Characteristics of the Limerick ☘💚☘💚
Limericks all follow the same structure and pattern which sets them apart from other poetic forms and makes them easily identifiable.
- A limerick consists of five lines in one stanza.
- The first, second and fifth lines end in rhyming words.
- The third and fourth lines have to rhyme.
- The rhythm of a limerick is anapestic, which means 2 unstressed syllables followed by a third stressed syllable.
- The first, second and fifth lines have 3 anapestic – da dum, da da dum, da da dum.
- The third and fourth lines have 2 anapestic – da dum, da da dum.
Though not the first to write or recite them, English poet, Edward Lear was famous for making them popular in the 19th Century. In 1846 he published a volume of his limericks entitled A Book of Nonsense. Here is an example of one of his limericks.
There was an Old Man with a beard,
Who said, “It is just as I feared.”
Two Owls and a Hen;
Four Larks and a Wren,
Have all built their nests in my beard!Edward Lear
Then, of course, there is the ‘Nantucket’ limerick. According to Wikipedia, the limerick below was published in 1902 in the Princeton Tiger.
There once was a man from Nantucket
who kept all his cash in a bucket,
but his daughter, named Nan,
ran away with a man,
and as for the bucket, Nantucket.Prof. Dayton Voorhees
But he followed the pair to Pawtucket.
The man and the girl with the bucket,
And he said to the man,
he was welcome to Nan,
but as for the bucket, Pawtucket.Unspecified
I love the idea of places called Nantucket and Pawtucket.
Now we know how it works let’s have some tips on how to write our own limerick.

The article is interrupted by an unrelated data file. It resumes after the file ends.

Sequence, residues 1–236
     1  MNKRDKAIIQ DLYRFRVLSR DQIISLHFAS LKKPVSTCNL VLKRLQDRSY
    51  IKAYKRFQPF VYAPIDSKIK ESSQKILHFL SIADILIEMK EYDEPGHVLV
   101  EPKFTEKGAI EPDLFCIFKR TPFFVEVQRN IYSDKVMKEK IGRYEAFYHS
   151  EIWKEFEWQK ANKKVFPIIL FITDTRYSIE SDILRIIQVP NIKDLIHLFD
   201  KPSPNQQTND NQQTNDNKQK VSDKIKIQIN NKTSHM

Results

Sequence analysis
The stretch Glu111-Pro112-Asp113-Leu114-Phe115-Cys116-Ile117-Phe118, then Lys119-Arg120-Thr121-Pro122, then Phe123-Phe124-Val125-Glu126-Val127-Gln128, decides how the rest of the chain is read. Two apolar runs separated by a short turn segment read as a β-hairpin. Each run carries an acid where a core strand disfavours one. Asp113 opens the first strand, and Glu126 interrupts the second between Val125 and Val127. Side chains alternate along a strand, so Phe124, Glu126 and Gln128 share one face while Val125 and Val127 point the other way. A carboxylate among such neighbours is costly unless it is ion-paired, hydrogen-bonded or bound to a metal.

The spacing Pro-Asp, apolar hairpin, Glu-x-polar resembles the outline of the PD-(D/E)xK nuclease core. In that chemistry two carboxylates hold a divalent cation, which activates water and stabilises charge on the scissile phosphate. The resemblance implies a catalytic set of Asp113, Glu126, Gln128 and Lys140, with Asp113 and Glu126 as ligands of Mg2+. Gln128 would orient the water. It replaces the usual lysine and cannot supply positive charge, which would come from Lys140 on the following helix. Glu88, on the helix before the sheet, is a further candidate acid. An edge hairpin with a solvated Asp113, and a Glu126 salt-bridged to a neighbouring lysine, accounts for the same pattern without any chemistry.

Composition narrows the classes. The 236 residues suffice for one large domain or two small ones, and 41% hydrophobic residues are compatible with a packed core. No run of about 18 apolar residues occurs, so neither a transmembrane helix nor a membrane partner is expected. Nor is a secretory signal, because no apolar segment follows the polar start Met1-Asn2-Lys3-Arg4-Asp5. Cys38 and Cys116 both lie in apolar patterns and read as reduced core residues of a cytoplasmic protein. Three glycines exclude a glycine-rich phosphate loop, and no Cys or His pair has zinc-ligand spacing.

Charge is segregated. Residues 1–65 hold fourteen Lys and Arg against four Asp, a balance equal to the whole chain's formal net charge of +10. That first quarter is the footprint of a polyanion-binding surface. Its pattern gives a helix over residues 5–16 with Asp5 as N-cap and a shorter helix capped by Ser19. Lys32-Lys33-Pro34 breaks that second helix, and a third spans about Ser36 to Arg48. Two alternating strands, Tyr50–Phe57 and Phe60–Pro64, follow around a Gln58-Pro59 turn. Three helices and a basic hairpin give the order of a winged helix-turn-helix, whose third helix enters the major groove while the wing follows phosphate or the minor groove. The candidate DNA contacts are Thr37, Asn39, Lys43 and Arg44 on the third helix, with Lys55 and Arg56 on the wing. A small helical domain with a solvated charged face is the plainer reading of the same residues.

- Write a story – when you read a limerick it has a complete narrative arc complete with the main character, plot and resolution, even if it is only a micro-story.
- Start with a character – introduce your character and place them in a setting if using one. Try your home town and write down words that rhyme with it, remember you need three. Play about with it. Use a rhyming dictionary if you are stuck.
- Make it funny/silly. – Limericks are meant to be nonsensical although politically satirical is good too. Put your character into an absurd situation.
- End with a twist – this is like the punchline of a joke, so it needs to be good.
- Don’t stray from the structure – it is there for a good reason. Remember the AABBA rhymes and the anapestic rhythm pattern ( explained above).
- Read your limerick out loud – read it aloud while you write it, this will help you maintain the rhythm. When you have finished it, read it to people and see if you get a laugh.
I hope this page will encourage you to write your own Limericks. Meanwhile if you have any queries please email me at:
Mark your queries Limerick Queries in the subject line. Thank you. Carolyn ❤👩🦰🦊
With grateful thanks to: Wikipedia.com and masterclass.com for their knowledge and articles on writing Limericks.
Note: Edward Lear Limerick came from masterclass.com and the Nantucket and Pawtucket Limericks came from Wikipedia.com
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